Friday, July 20, 2012

Five Great Hikes into Hawaii's History on Oahu


Manoa Valley above Honolulu on the island of Oahu, Hawaii

Want to dig deeper into Hawaiian culture on your next island vacation? There's no better place to start on than Oahu, home to ancient temples and battlegrounds, WWII historical sites, and the wild scenery of the Windward Coast and North Shore.


Over on LonelyPlanet.com, check out my list of five of the most worthwhile day hikes across Oahu, from the easy ascent of Diamond Head near Waikiki to the Maunawaili Trail that snakes below the jagged pali (cliffs). Visit WWII pillboxes or a Hawaiian temple of traditional medicine and healing, all within a surprisingly short drive of Honolulu and Waikiki.


Here's a bonus for readers like you! I didn't have room in my Lonely Planet article to point out the best locals' places to refuel after your hike:


1. Diamond Head - Back in Waikiki, drop by Waiola Shave Ice for icy treats or 1950s-era Leonard's Bakery for malasadas (Portuguese-style doughnuts).


2. Maunawili Trail Network - Drive from any trailhead to Sweet Home Waimanalo cafe, pouring veggie smoothies and mint lemonade.


3. Lanikai Pillboxes - Line up at Lanikai Juice for tropical fruit smoothies, often made with produce from organic farms, and heaping fruit bowls.


4. Kaena Point State Park - Backtrack to Haleiwa for  Matsumoto Shave Ice from a roadside shack.


5. Keaiwa Heiau State Recreation Area - Gorge on an island plate lunch or poke rice bowl with spicy eggplant fries at chef Elmer's Poke Stop.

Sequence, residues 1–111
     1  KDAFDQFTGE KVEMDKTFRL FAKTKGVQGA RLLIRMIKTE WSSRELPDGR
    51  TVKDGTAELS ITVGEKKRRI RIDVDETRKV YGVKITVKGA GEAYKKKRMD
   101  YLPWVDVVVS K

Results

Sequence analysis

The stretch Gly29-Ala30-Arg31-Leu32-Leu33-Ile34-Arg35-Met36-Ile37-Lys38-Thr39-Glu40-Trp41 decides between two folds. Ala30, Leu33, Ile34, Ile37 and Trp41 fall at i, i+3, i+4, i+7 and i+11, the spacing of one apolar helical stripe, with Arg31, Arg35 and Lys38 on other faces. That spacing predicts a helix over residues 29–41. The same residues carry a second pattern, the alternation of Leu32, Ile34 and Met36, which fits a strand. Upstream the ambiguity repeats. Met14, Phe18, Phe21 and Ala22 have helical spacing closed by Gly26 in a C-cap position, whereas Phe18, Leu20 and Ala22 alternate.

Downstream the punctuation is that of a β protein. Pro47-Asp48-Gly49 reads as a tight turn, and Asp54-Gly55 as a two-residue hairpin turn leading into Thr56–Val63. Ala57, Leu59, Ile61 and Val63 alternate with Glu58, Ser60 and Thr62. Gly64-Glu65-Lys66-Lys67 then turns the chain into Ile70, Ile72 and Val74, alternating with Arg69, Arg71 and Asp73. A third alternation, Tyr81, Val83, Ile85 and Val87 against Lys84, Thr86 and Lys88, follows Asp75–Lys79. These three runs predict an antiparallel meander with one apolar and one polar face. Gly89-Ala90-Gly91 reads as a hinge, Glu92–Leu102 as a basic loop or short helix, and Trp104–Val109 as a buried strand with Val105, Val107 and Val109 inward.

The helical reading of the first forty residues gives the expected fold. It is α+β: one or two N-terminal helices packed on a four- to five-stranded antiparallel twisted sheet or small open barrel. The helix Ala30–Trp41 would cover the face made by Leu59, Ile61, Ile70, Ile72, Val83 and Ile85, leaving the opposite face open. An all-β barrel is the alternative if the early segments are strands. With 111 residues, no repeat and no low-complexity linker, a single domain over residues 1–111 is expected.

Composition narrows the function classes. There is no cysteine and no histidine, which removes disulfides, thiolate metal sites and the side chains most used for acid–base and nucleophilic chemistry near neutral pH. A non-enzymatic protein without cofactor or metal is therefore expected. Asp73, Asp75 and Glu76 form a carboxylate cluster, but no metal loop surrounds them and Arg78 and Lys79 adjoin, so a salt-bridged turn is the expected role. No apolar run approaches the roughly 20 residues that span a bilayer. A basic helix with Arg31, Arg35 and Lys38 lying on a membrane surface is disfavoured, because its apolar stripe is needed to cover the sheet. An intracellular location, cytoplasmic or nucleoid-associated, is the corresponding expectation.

Got another favorite hike on Oahu? Let us know about it by leaving a comment below. Mahalo!


Related links:
Big Island Trekking: From Coast to Volcanic Peaks
Hawaii: Go Green, Live Local & Save Money
Hidden Hiking Trails in West Maui

Photo credit: Sara Benson & Michael Connolly Jr.

Thursday, July 5, 2012

Maui's Cowboy Country: Annual July 4th Parade & Rodeo This Weekend in Makawao

Hawaii's paniolo (cowboy) culture stretches back to the turn of the 19th century, when cows and horses were first brought here by foreign sea captains as gifts for Kamehameha the Great. Spanish vaqueros came to the islands in the 1820s to teach Hawaiians how to herd cattle and saddle up on horseback. Less than a century later, a Big Island ranch hand named Ikua Purdy won the world roping championships in Cheyenne Wyoming, setting (then) a new world record of 56 seconds.


That all goes to show how quickly and strongly cowboy culture took root in Hawaii. Starting on the Parker Ranch in Waimea (Kamuela) on the Big Island, it spread to other islands, including Maui on the slopes of Haleakala volcano. Every year around the July 4th holiday, the small upcountry town of Makawao puts on a parade with lei-draped riders on horseback and holds competitive roping and stock events at the Oskie Rice Rodeo Arena off Olinda Rd. This year the parade starts at 9 a.m. on Saturday, July 7, 2012. Rodeo qualifying rounds kick off at 9 a.m. on Thursday, July 6, and Friday, July 7, with the finals starting at 1 p.m. on Saturday, July 8, and Sunday, July 9. Check the full events schedule published by Maui Magazine.




Want a sneak peek, or maybe you can't be there in person? Watch this YouTube slideshow video of the 2011 Makawao Rodeo, showing both women and men competing for top prizes. Year-round, you can visit Makawao in Maui's upcountry on your own. Book ahead for a guided horseback ride with Pony Express Tours, which leads day trips across the slopes of Haleakala volcano, both on a private ranch and inside Haleakala National Park's summit area on the Sliding Sands Trail, which is also open to day hikers and overnight backpackers. 


Related links:
Haleakala's Summit Wilderness: High Winds & Other Fascinatingly Dangerous Weather
NPR Interview: Hiking and Ecotourism in Hawaii
Welcome to Top Trails: Hiking on Maui


Photo credits: 
http://www.flickr.com/photos/jenniferboyer / CC BY 2.0
http://www.flickr.com/photos/daveynin / CC BY 2.0